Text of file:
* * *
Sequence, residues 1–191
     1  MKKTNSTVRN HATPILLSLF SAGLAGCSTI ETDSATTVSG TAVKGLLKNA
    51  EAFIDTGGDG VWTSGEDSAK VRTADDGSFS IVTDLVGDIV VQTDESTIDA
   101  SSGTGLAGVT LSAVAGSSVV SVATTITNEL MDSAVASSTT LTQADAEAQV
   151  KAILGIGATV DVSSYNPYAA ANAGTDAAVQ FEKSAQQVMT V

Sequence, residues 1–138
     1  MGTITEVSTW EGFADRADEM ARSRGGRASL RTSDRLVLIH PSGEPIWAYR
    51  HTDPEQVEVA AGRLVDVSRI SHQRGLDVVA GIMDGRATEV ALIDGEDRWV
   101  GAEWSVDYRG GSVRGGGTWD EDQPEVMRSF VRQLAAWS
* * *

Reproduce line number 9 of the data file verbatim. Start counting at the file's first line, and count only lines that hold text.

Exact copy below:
   101  GAEWSVDYRG GSVRGGGTWD EDQPEVMRSF VRQLAAWS